Call her the watchdog who came in from the cold. Sue V. Mills, the perennial Democratic outsider and self-proclaimed conscience of the Prince George's County Council, has decided she would like to be its chairman.
"I'm interested," said Mills, who has spent the last several days drumming up support from newly nominated Democratic council candidates. "I'm not going to shed any tears or blood over it," she said in a telephone interview yesterday, "but I'm interested . . . I didn't even ask the other members for a commitment. I just said I'm interested."
Mills said she had talked informally with several Democratic victors in last Tuesday's primary election, in which Mills was the only incumbent council member to win renomination by more than 50 percent. Seven of the 11 members of the present council were either defeated or ran for other offices, shattering the consensus that had dominated the council -- and excluded Mills -- for the last four years.
"Obviously the thought of taking charge crosses a person's mind once every four years," said Mills, who came to political prominence as an antibusing activist and school board member, "but with that group I knew I never had a chance."
In 1978, Mills, whose blond beehive hairdo and rousing rhetoric have become her trademark, was the only council member elected without the support of the county's powerful Democratic organization. Although she was the second highest vote-getter for an at-large seat, she never achieved a position of leadership.
Last year, when councilmanic district lines were drawn for the first time, she was placed in a predominantly black district, cut off from her conservative, majority white Oxon Hill base by a line drawn a few blocks from her house. Critics quickly predicted the end of her colorful career. But she simply moved into an apartment within the Oxon Hill district, told supporters she would build a house, and handily beat fellow incumbent David Hartlove.
In the past, Mills criticized the behind-the-scenes dealing that solidified support for the chairmanship years in advance, but she said yesterday that she is not averse to putting together a similar arrangement. "I don't see anything criminal about it," she said.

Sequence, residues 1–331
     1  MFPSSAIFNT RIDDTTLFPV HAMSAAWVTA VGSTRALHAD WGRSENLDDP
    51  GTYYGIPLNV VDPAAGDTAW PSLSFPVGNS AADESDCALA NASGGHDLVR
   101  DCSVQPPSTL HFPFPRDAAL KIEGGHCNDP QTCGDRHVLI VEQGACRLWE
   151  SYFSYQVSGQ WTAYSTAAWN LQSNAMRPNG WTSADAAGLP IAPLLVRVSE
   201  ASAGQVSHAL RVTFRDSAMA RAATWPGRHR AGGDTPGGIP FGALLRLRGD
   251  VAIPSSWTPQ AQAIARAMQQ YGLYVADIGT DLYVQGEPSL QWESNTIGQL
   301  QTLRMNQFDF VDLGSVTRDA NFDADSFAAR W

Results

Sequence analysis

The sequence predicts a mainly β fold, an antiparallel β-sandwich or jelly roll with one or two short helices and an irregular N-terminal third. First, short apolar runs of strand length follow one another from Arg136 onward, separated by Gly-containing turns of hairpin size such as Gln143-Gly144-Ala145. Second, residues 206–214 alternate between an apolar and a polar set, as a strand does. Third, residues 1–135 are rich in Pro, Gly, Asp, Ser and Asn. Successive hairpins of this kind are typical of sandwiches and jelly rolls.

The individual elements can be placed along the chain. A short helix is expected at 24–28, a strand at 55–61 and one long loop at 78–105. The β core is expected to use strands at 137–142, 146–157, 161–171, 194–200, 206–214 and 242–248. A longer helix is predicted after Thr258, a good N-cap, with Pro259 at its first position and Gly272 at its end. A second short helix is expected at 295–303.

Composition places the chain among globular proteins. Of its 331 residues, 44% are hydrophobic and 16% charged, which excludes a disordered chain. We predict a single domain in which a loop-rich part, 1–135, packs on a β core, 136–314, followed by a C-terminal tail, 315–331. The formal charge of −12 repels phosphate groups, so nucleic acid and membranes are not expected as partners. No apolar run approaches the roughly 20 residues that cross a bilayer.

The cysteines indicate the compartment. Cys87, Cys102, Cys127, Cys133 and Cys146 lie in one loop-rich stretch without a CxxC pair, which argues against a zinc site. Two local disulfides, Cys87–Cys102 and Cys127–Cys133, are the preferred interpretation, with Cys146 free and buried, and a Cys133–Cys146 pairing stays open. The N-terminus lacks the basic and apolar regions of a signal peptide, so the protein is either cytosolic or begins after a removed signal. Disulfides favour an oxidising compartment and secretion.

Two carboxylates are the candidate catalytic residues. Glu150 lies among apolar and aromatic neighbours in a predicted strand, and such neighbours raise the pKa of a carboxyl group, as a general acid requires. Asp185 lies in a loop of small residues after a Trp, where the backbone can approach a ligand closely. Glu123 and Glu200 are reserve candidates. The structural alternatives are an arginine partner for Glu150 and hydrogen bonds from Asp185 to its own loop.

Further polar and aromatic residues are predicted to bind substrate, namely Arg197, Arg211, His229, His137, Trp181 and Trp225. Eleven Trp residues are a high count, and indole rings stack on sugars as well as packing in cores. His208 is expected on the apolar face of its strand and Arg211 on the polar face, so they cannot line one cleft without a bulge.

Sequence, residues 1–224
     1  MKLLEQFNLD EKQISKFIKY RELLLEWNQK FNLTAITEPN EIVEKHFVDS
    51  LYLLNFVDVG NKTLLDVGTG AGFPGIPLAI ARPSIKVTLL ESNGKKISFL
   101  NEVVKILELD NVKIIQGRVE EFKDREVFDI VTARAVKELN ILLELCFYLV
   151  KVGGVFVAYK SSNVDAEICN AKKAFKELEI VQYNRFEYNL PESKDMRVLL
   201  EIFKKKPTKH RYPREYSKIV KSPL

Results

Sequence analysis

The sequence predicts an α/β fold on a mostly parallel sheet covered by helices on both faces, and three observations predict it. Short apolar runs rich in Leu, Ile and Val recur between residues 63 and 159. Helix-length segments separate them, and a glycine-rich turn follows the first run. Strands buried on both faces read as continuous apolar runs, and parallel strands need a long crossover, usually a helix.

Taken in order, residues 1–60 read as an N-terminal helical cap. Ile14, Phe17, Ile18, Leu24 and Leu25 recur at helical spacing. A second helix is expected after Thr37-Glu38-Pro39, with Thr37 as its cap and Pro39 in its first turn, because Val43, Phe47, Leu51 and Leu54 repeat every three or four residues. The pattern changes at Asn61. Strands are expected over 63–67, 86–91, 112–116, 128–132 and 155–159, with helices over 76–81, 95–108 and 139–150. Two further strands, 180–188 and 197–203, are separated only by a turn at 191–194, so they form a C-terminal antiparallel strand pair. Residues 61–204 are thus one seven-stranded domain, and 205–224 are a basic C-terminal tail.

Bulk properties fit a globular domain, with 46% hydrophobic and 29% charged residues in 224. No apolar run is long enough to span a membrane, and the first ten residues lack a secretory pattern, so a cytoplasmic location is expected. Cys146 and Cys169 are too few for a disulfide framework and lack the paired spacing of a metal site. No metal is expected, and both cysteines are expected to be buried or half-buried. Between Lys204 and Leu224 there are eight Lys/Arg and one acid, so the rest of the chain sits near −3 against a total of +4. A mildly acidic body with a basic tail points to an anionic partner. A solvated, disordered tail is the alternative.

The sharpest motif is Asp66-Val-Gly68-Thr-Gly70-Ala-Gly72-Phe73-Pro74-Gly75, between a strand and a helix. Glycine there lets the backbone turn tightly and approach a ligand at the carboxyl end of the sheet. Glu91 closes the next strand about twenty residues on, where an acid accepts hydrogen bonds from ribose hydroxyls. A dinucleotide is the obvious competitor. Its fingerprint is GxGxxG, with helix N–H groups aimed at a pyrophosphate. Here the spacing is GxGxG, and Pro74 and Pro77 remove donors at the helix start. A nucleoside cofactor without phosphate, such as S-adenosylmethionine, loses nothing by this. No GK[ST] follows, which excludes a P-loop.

Her new stance has drawn mixed reactions from fellow nominees. One new member said, "She used to be one of the main critics and now she seems to be doing the same thing . . . But I'll listen to what she has to say."
Several other council incumbents have their own ideas about who should lead the council and will not let Mills take the lead without a fight.
"I've heard that Sue is crawling around trying to get some votes together," said Floyd Wilson, the council's most senior black member. "Maybe she is trying to put something together, but she hasn't come to me, and you know I don't love her. And I'll tell you what -- It's time for black leadership on that council. I've been jilted out of that before and as one of the senior members I feel it's time."
"I've been approached by some of the new members," said two-term incumbent Frank Casula, who declined to name them. "They feel I should possibly be the chairman of the new council." Casula said Mills "talked to me about it, yes, and I told her where I was coming from. I feel some of this is premature, the election isn't over yet. She just wanted the chair for this year and all I did was, I told her a couple of people have approached me."
In Mills' version, Casula had said, " 'No deals, I don't work any deals.' Then he leaned forward and said, 'Would you take the second year?' I just laughed. I said, 'I'd like the first year, Frank.' "
Mills noted that she had been chairman of the school board and says she was highly praised for her stewardship of that group. She wants to head the council "because it's a different experience," and, she says, because it's her turn.
"One of my dad's favorite expressions was, 'The devil will get its due,' " she said, "and sometimes I would say to him, 'Sometimes it takes a mighty long time.'"